LONDON — Boris Becker was never known for being particularly diplomatic on the tennis court, and the three-time Wimbledon champion’s frequent outbursts are still legendary.
So it probably raised a few eyebrows when Becker announced that he was pursuing a second career in diplomacy. In April, the German sports star said that he had been named the Central African Republic’s “Attaché for Sports/Humanitarian/Cultural Affairs in the European Union.”
The announcement came while Becker was being sued over money he allegedly owes to private bank Arbuthnot Latham after his bankruptcy last year. And, coincidence or not, Becker’s lawyers argue that his diplomatic role grants him “diplomatic immunity under the 1961 Vienna Convention on Diplomatic Relations.”
“This means he cannot be subject to legal process in the courts of any country for so long as he remains a recognized diplomatic agent,” his legal team wrote in a letter. “He may not be made subject to any legal process, whatever the merits, without the express consent of the Central African Republic; and legal claims can only be served on him through diplomatic channels,” the statement continues.
His lawyers have also presented those claims to Britain’s High Court, arguing that both British Foreign Secretary Boris Johnson and his CAR counterpart would have to decide whether any lawsuits should proceed — turning the private bankruptcy of a former sports champion into a politically delicate matter. If Becker were to be prosecuted, other states could potentially use the case to target diplomats abroad who are protected by the same immunity.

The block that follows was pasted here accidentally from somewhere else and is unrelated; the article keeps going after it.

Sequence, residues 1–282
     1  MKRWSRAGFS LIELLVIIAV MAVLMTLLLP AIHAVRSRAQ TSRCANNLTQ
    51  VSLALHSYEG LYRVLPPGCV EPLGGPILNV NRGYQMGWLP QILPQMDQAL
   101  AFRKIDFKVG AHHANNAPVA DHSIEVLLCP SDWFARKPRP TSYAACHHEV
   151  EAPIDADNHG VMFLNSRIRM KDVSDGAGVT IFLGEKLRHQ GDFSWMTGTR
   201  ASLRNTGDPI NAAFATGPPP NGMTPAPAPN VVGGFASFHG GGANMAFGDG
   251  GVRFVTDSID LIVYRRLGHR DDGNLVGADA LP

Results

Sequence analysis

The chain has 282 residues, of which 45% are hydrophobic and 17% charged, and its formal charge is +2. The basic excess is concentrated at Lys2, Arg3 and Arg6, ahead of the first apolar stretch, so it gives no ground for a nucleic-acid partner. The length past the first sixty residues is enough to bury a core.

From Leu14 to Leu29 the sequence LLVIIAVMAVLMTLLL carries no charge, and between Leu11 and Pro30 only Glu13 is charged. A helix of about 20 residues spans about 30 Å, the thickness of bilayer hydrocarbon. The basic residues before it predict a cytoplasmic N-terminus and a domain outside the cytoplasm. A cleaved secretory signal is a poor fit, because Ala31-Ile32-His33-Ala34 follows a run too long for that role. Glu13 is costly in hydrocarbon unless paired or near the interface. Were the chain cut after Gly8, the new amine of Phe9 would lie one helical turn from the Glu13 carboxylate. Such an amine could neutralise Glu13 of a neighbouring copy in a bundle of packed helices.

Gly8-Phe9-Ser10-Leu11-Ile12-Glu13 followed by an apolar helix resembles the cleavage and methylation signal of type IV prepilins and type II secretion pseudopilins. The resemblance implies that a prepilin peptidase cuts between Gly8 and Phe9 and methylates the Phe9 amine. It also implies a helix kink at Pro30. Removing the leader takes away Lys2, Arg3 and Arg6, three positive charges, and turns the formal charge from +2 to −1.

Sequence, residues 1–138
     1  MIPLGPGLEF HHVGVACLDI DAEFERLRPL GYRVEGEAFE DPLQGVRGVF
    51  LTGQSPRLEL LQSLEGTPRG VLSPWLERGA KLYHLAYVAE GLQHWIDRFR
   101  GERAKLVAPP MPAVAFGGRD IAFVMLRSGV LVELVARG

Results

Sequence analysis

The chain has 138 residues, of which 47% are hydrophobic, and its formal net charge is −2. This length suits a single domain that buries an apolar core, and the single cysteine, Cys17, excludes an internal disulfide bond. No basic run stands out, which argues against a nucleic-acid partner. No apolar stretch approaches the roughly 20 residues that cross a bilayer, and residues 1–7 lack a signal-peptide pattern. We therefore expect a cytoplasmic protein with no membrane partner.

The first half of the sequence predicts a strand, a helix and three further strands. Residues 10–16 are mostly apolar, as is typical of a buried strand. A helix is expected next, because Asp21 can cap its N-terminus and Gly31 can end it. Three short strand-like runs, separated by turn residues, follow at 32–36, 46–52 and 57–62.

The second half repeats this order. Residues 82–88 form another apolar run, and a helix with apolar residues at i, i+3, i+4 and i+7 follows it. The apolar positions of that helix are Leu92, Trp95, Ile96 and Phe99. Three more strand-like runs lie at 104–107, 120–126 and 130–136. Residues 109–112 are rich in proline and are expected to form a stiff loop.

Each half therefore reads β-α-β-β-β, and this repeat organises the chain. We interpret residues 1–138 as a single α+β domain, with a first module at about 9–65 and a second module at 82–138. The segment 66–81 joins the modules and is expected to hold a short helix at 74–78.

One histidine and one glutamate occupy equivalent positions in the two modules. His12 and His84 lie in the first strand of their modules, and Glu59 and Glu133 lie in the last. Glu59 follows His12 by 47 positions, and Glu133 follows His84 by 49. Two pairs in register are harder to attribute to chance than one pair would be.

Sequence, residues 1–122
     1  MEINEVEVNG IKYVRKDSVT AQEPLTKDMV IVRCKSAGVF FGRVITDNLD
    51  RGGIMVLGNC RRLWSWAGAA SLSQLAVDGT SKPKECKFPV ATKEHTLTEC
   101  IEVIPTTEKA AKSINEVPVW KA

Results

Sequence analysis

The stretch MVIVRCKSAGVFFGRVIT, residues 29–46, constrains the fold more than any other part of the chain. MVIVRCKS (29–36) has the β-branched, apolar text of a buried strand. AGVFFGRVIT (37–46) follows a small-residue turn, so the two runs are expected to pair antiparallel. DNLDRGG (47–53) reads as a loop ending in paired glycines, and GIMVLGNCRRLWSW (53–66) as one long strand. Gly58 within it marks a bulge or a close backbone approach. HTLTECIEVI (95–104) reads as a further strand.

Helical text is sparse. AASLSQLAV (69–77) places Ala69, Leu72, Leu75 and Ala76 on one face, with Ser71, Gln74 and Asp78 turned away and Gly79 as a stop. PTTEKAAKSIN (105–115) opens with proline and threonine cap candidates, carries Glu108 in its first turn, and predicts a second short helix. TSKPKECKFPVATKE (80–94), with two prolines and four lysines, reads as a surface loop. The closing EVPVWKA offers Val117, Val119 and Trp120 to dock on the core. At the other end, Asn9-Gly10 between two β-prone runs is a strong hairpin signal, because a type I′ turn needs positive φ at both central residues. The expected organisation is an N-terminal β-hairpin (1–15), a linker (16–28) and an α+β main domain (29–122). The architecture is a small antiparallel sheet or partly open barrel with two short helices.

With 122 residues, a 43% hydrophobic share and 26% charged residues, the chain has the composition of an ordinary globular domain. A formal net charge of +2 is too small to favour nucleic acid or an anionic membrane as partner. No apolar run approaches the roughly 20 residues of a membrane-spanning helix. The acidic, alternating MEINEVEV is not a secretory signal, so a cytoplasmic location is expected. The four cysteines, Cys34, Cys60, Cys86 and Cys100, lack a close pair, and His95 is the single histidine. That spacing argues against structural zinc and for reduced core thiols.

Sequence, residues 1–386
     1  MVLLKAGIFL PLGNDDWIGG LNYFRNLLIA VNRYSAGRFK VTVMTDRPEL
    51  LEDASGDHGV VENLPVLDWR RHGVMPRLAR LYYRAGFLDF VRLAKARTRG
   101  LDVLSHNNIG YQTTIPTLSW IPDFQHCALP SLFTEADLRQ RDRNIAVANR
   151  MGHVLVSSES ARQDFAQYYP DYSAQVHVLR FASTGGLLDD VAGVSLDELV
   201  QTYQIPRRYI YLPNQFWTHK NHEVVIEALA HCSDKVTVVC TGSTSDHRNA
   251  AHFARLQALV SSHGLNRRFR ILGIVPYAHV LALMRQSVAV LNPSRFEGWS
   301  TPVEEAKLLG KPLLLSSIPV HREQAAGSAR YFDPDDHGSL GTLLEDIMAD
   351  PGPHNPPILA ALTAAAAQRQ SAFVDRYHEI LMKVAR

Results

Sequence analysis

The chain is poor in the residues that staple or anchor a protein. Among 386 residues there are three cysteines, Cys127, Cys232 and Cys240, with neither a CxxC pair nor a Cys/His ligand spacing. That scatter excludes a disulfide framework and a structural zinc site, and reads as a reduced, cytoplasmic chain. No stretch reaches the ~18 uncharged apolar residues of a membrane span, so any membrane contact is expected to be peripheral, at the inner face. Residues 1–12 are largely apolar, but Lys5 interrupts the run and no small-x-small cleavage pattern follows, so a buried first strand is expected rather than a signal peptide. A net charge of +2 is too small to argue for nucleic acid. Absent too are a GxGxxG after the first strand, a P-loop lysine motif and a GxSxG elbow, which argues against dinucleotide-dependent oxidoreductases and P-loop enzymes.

Becker’s defense strategy has triggered questions about his motivations and timing in accepting a diplomatic role with the CAR — a country in the midst of a bloody civil conflict and humanitarian crisis that may not be (or perhaps should not be) overly focused on its cultural and sports ties to Europe.
In a statement posted online, Becker appeared to preempt possible allegations that he may have accepted his diplomatic role for the CAR to gain diplomatic immunity from the lawsuit. “I am immensely proud of my appointment at the Sports and Culture Attaché for the Central African Republic. Sports is incredibly important in Africa and is fast becoming a universal language, a form of social diplomacy and a leveller between people from vastly different and unequal social backgrounds around the world,” Becker wrote.
‘There is no reason why a role of this kind should be treated any differently to an appointment as a military or a trade Attaché,” he continued. The former tennis champion also condemned the decision to commence bankruptcy proceedings against him as “unjustified and unjust” and announced that he would seek compensation for the “completely unnecessary declaration of bankruptcy” that he was forced into.
The trustees overseeing Becker’s bankruptcy case denied the accusations Friday. “We welcome Mr Becker’s appointment to promote sport in the Central African Republic. However, we believe that it has no material impact on Mr Becker’s bankruptcy,” Mark Ford, the lead joint trustee, was quoted as saying.
Article 29 of the Vienna Convention on Diplomatic Relations, which specifies that “the person of a diplomatic agent shall be inviolable,” has long been controversial. In 2014, for instance, Saudi businessman Sheikh Walid Juffali was named permanent representative by the small Caribbean island of St. Lucia after his former wife Christina Estrada made separation claims.
Britain’s High Court ruled in 2016 that his diplomatic status was “entirely artificial,” drawing rare governmental condemnations. Britain’s Foreign Office criticized the ruling at the time, saying it could lead to British diplomats’ statuses abroad being “unjustifiably curtailed,” and an appeals court dismissed the High Court’s assessment.
But as a permanent resident of Britain, the court of appeal ruled, Juffali was still not protected by his diplomatic immunity. Estrada was subsequently awarded about $100 million.
If the same logic were to be applied in Becker’s case, the longtime British resident might discover that he isn’t protected by his work with the CAR, after all.